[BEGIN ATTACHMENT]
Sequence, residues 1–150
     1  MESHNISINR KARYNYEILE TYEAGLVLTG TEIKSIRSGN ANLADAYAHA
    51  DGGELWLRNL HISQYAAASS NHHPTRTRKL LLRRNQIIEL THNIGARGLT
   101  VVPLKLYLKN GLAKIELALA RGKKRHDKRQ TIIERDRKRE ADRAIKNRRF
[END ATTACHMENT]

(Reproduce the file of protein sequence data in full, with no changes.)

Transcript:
Sequence, residues 1–150
     1  MESHNISINR KARYNYEILE TYEAGLVLTG TEIKSIRSGN ANLADAYAHA
    51  DGGELWLRNL HISQYAAASS NHHPTRTRKL LLRRNQIIEL THNIGARGLT
   101  VVPLKLYLKN GLAKIELALA RGKKRHDKRQ TIIERDRKRE ADRAIKNRRF